• Matthew 11, 27: The origin of the New Law: The Son knows the Father. Jesus, the Son, knows the Father. He knows what the Father wanted when, centuries before, He gave the Law to Moses. What the Father wants to tell us, He handed  to Jesus, and Jesus revealed it to the little ones because they opened themselves up to his message. Today, also, Jesus continues to teach many things to the poor and to the little ones. The wise and the intelligent do well if they become pupils of the little ones!

• Matthew 11, 28-30: “Come to me all you who labor and are overburdened, and I will give you rest”. Jesus invites all those who are tired to find rest in him. These are the people who are tired under the weight of the impositions and the observances which the law of purity demanded. And He says: “Learn from me, for I am gentle and humble of heart”. Many times this phrase has been manipulated to ask people to submit themselves, to be passive. What Jesus wants to say is the contrary. He asks people to leave aside the professors of religion of that time, to rest and to begin to learn from him, Jesus, who is “gentle and humble of heart”. Jesus does not do like the Scribes who pride themselves on their own science, but He is like the people who live humiliated and exploited. Jesus, the new teacher, knows from experience what happens in the heart of the people and how much the people suffer.

• The invitation of divine wisdom to all those who seek it. Jesus invites all those who are oppressed under the weight of the observance of the law to find rest in him, because He is gentle and humble of heart, capable of relieving and consoling the people who suffer, who feel tired and depressed (Mt 11, 25-30). In this invitation resounds the beautiful words of Isaiah who consoled the people who lived in exile (Is 55, 1-3). This invitation is bound to divine wisdom, which invites persons to the encounter with her (Ws 24, 19), saying: “her ways are filled with delight; her paths all lead to contentment” (Pr 3, 17). And he adds: “Wisdom brings up her own children and cares for those who seek her. Whoever loves her, loves life, those who seek her early will be filled with joy” (Si 4, 11-12). This invitation reveals a very important characteristic of the feminine face of God: tenderness and acceptance which consoles and gives life to people and leads them to feel well. Jesus is  the protection and the maternal womb which the Father offers to people who are tired (cfr. Is 66, 10-13).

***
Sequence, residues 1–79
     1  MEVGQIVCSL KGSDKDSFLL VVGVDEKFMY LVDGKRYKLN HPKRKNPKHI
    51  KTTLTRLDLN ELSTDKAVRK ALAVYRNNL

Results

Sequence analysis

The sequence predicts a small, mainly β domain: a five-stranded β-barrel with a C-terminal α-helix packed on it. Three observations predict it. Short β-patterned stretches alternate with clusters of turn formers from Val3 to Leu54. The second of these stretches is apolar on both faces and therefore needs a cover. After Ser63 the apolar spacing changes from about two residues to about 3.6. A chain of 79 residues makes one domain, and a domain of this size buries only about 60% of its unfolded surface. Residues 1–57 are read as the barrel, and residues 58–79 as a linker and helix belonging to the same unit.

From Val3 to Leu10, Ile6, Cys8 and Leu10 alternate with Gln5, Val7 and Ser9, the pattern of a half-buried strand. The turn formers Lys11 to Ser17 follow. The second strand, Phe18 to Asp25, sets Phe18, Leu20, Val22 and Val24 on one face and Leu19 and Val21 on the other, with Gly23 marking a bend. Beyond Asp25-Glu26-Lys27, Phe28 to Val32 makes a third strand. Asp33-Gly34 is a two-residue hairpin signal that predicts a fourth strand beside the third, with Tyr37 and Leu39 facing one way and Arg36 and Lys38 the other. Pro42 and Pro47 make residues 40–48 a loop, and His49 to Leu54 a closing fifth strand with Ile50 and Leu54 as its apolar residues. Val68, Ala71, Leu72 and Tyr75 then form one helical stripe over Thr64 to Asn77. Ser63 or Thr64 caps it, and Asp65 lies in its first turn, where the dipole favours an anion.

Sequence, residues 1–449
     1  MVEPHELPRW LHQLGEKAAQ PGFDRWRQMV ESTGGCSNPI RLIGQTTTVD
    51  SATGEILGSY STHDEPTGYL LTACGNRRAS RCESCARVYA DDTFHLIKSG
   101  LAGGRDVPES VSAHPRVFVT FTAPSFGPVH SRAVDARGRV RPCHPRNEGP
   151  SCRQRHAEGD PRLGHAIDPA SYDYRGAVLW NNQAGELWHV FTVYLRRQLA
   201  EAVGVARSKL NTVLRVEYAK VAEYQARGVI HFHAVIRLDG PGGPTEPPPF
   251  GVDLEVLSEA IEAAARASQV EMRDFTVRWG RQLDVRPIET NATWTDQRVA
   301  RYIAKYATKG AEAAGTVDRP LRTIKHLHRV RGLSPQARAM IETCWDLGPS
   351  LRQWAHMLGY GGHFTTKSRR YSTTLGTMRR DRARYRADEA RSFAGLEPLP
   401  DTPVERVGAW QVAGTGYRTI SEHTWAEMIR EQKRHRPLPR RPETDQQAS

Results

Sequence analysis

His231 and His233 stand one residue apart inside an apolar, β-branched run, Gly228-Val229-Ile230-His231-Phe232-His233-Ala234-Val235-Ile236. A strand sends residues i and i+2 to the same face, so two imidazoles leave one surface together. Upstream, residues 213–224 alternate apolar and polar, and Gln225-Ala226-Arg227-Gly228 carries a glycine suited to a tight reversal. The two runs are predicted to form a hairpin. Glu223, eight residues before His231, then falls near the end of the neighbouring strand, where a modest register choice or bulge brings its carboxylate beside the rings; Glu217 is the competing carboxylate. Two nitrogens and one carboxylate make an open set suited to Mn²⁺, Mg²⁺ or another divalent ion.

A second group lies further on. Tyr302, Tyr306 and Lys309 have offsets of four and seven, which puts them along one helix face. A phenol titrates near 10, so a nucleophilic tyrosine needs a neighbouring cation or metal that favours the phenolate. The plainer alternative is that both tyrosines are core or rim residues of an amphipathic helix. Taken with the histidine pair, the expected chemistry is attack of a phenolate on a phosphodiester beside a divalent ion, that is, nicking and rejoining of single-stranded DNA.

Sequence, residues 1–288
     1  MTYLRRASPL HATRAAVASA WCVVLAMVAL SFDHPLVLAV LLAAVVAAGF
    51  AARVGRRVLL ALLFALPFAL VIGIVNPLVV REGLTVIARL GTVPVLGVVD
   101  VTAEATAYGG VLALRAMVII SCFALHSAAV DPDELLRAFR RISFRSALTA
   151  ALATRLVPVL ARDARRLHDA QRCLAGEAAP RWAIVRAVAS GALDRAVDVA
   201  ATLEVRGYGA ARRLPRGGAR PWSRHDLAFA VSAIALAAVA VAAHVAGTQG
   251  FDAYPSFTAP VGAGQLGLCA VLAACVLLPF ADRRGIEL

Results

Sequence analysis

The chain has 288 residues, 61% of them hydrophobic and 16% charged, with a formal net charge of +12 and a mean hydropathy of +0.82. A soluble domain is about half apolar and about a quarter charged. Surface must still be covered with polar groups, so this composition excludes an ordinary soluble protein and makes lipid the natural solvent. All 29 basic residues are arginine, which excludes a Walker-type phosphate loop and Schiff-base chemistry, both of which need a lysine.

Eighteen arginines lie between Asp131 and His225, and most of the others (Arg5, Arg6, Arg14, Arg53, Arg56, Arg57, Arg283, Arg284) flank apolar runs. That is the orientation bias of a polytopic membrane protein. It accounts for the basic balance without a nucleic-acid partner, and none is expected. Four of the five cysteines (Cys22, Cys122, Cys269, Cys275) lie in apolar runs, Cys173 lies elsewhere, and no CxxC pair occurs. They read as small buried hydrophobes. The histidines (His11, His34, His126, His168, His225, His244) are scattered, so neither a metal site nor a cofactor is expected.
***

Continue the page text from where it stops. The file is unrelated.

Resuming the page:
4) Personal questions

• What produces tension in you and what gives you peace? For you, to live in community, is it a source of tension or of peace?

• How can these words of Jesus help our community to be a place of rest for our life?

5) Concluding Prayer

Yahweh is tenderness and pity,
slow to anger and rich in faithful love;
his indignation does not last for ever,
nor his resentment remain for all time. (Ps 103,8-9)

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As Carmelites We live our life of allegiance to Jesus Christ and to serve Him faithfully with a pure heart and a clear conscience through a commitment to seek the face of the living God (the contemplative dimension of life), through prayer, through fraternity, and through service (diakonia). These three fundamental elements of the charism are not distinct and unrelated values, but closely interwoven. 

All of these we live under the protection, inspiration and guidance of Mary, Our Lady of Mount Carmel, whom we honor as "our Mother and sister." 

 



date | by Dr. Radut